The Stories We Sell Ourselves In Order To Live


from Decamerone by Giovanni Boccaccio
conception, direction, video Letizia Renzini
dramaturgy Theodora Delavault
choreography Marina Giovannini
music, text film Yannis Kyriakides
music collaborator Andy Moor
with Theodora Delavault, Marina Giovannini, Jari Boldrini, Maurizio Giunti, Lucrezia Palandri
live electronics Yannis Kyriakides
electric guitar, baritone guitar Andy Moor
live camera Letizia Renzini
in video Lore Binon, Monica Piseddu, Monica Demuru
video production Raffaele Cafarelli/Red-Fish
lighting Moritz Zavan
costumes Boboutic
scenic design Lorenzo Pazzagli
thanks goes to Drone 126 for production of the song Muoviti, Amore, e vattene a Messere upon text by G. Boccaccio
production Teatro Metastasio di Prato
with the collaboration of Spoleto 61 Festival dei 2Mondi
The Decameron 2.0 breaks free from Boccaccio’s structural narrative; its stories are no longer enclosed within a frame. The peste (our plague) represents life’s crude reality, the bare essence of survival and the inherent malady of living. It is also, in some way, the death of the sacred, of the soul. The peste isn’t fought outright, but quietly evaded: by creating a parallel narration that refrains from telling the untellable, by telling a story that provides relief, founded in an alternate reality, a refuge that speaks to our desire for the mystical. Man today seeks to realize himself in this dimension of non-reality. The current territory of personal realization is a virtual territory that has been dislodged from the real needs of both the individual and the collective in society. Social success has become a form of mystification, whether it is sought out or forced upon us. Failure has become the failure to tell a good story, to narrate a convincing tale of who we are and why we are here.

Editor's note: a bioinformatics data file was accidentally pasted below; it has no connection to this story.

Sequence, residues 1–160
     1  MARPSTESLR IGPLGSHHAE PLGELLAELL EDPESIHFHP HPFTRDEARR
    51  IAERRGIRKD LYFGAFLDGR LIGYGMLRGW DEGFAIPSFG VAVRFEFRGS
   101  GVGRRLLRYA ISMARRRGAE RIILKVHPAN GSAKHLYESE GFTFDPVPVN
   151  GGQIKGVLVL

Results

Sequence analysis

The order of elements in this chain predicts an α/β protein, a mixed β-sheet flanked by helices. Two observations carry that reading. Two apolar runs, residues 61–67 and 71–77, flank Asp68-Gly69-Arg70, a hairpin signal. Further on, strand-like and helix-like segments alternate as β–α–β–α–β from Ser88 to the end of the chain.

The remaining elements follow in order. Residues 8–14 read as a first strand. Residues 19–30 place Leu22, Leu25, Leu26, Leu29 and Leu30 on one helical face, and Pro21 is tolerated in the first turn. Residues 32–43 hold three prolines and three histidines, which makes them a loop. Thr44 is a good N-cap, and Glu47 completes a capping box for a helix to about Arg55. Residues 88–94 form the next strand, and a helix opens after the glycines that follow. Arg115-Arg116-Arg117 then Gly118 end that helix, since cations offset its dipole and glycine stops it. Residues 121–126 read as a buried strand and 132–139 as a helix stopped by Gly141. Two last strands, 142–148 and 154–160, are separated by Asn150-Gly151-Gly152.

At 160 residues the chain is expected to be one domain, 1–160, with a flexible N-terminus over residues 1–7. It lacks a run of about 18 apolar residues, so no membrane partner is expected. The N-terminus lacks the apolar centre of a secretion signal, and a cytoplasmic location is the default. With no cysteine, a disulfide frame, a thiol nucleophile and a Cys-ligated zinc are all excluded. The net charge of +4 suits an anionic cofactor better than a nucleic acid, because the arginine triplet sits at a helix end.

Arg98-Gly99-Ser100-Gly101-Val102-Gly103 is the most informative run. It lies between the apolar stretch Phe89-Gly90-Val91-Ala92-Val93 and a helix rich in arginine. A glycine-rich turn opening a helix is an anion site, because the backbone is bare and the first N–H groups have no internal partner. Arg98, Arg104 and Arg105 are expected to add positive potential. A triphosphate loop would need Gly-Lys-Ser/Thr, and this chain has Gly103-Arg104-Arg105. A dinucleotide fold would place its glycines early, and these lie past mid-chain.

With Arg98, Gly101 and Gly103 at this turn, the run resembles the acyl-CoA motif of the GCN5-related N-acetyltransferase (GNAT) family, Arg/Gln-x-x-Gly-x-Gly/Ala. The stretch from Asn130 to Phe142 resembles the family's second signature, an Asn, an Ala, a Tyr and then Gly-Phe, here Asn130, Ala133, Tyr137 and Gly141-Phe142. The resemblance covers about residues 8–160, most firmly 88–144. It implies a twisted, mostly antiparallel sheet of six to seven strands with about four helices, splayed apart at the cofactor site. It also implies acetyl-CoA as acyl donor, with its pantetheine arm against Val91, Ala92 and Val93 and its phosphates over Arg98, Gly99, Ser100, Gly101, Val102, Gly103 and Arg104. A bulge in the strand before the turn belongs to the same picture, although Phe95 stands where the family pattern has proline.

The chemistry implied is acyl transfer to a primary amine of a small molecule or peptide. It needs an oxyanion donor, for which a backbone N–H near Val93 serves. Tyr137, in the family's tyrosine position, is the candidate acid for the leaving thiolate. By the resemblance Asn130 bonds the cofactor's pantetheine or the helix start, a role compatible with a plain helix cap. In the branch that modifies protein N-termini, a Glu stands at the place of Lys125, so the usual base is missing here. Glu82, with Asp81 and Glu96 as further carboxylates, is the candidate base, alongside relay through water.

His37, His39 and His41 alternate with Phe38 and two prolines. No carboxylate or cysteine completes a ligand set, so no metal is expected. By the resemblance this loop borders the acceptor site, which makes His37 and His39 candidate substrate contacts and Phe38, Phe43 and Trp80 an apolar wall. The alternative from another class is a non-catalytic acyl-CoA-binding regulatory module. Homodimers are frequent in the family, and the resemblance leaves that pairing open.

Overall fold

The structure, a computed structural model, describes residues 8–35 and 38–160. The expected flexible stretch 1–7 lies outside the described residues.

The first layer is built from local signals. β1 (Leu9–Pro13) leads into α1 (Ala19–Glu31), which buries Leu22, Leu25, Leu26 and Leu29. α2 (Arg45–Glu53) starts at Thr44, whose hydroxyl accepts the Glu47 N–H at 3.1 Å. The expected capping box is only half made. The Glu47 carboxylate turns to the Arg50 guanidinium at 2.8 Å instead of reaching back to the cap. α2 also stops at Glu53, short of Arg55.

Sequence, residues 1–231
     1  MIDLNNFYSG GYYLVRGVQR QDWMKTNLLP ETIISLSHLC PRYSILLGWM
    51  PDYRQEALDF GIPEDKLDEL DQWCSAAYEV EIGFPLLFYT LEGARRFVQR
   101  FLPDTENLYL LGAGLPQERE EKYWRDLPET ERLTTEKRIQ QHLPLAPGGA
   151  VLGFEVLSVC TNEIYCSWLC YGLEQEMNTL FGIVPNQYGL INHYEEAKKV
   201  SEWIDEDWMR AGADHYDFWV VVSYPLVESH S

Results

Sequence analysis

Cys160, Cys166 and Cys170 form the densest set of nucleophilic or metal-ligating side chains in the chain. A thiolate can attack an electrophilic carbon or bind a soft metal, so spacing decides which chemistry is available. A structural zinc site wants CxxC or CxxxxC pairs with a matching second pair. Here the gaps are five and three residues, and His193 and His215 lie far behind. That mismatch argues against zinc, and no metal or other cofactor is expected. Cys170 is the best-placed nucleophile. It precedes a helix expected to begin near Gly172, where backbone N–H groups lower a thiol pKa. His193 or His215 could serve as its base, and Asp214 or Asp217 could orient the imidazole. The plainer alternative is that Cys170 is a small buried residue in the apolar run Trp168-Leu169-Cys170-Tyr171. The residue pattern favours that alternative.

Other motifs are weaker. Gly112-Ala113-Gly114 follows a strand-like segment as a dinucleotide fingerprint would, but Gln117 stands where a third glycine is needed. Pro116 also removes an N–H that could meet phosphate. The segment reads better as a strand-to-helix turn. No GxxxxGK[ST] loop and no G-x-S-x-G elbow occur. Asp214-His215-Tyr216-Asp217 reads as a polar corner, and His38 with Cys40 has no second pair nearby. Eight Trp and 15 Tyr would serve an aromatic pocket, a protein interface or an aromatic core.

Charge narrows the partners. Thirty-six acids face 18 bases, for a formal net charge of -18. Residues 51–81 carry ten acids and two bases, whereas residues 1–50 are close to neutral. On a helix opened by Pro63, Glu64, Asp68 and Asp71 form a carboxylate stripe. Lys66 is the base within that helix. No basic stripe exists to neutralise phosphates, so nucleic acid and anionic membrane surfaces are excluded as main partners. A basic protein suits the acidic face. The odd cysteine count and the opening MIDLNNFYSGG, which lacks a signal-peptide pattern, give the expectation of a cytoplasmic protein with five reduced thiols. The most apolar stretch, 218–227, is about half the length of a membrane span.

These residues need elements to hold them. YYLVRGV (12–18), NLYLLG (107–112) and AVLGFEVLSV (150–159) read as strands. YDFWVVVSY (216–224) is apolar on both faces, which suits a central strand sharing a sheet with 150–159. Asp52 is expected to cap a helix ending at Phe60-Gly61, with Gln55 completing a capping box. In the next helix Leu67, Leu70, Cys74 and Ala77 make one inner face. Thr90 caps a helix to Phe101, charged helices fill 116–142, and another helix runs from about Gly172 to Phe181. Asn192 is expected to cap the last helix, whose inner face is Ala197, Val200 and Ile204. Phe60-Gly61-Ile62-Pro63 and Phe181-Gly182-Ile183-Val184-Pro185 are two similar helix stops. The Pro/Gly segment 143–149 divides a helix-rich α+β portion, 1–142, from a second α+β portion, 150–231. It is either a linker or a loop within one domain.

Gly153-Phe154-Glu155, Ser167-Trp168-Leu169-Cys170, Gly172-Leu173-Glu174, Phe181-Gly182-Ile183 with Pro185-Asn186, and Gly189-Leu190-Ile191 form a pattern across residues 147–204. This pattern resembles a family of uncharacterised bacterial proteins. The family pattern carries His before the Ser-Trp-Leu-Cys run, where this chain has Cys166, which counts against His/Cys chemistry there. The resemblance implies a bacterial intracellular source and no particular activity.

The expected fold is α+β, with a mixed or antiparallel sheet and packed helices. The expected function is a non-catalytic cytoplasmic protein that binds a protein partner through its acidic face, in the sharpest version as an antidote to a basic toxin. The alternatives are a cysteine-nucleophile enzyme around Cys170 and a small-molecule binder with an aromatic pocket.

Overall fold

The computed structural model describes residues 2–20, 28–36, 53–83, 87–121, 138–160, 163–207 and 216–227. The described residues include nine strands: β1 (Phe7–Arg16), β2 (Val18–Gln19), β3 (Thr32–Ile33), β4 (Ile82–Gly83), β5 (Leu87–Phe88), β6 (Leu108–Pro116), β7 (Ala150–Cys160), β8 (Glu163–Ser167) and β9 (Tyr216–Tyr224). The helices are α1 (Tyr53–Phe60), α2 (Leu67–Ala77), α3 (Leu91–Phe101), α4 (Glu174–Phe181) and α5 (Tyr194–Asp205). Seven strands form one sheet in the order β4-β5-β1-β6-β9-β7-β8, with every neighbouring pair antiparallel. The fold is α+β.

The Decameron 2.0 rediscovers the poetical dimension of the original work, Boccaccio’s masterpiece, that with an acute sense of irony and a dark lucidity speaks to our consciences, cutting through to the truth of things, the heart of the matter, and seeing reality face to face, without ever losing hope in the human potential for greatness, strength and beauty.  
Boccaccio tells us that he has written the Decameron for women, for it is they who, in the long hours of inflicted solitude are more inclined to vagaries and depression, and it is they who are in most need of an escape, of entertainment. This passive aspect of the feminine, or the effeminate, seeks a refuge from reality, and wallows in the realms of indecision due to a lack of real power over one’s self, a lack of authority, and an inability to see or recount oneself, one’s true self, or any truth at all, inevitably leading to an overpowering emptiness and falsity. 
Decameron 2.0 is a poetic mirror that narrates this sense of modern vagary. What Boccaccio chooses to tell us is a secular fable in which the sacred is replaced by human misery but also by human cunning and strength, where the monstrum pervades and regenerates itself in our daily life.
Compassion comes first and foremost in the human experience and is what nurtures the spirit of mankind and allows a collective dimension to emerge within each of us, realistic and virtuous, ecstatic and complex, free and liberating with which to reconstruct a collective story.   
Unuquisque est fortuna suae… We are the masters of our own destinies, by collaborating with “fortuna” itself that undoubtedly exists, whatever it is, and becoming its ally. An absence of magic, a lack of imagination, a limit to the idea of the ‘happy ending’, and a real disillusion are just the starting points. It is from that sacred essence of the real that we restart, the way Giotto begins with the colour of the sky in order to tell us that our spirits are nourished by what really is, by life itself.
Letizia Renzini

The Decameron’s original rigid story structure will be dissolved into a new composition: the novels and its characters, and some of the plots, will appear from as scenic occurrences, images that are invoked by memory or dreams, as well as in transposed and symbolic form.